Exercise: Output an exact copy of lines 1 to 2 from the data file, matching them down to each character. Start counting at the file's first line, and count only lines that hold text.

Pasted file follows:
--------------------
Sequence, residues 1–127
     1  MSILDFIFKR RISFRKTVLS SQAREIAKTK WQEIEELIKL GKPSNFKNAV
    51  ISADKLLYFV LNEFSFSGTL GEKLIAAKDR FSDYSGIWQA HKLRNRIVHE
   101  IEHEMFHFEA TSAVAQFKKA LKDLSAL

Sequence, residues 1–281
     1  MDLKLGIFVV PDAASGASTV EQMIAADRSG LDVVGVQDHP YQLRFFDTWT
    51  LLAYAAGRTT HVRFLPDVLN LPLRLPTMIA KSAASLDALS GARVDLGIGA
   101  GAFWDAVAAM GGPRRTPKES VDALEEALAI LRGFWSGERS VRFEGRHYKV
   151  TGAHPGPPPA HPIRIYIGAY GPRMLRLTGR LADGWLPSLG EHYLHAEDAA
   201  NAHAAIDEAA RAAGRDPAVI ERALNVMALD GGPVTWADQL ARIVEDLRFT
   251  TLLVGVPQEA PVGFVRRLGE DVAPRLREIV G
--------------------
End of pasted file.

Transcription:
Sequence, residues 1–127
     1  MSILDFIFKR RISFRKTVLS SQAREIAKTK WQEIEELIKL GKPSNFKNAV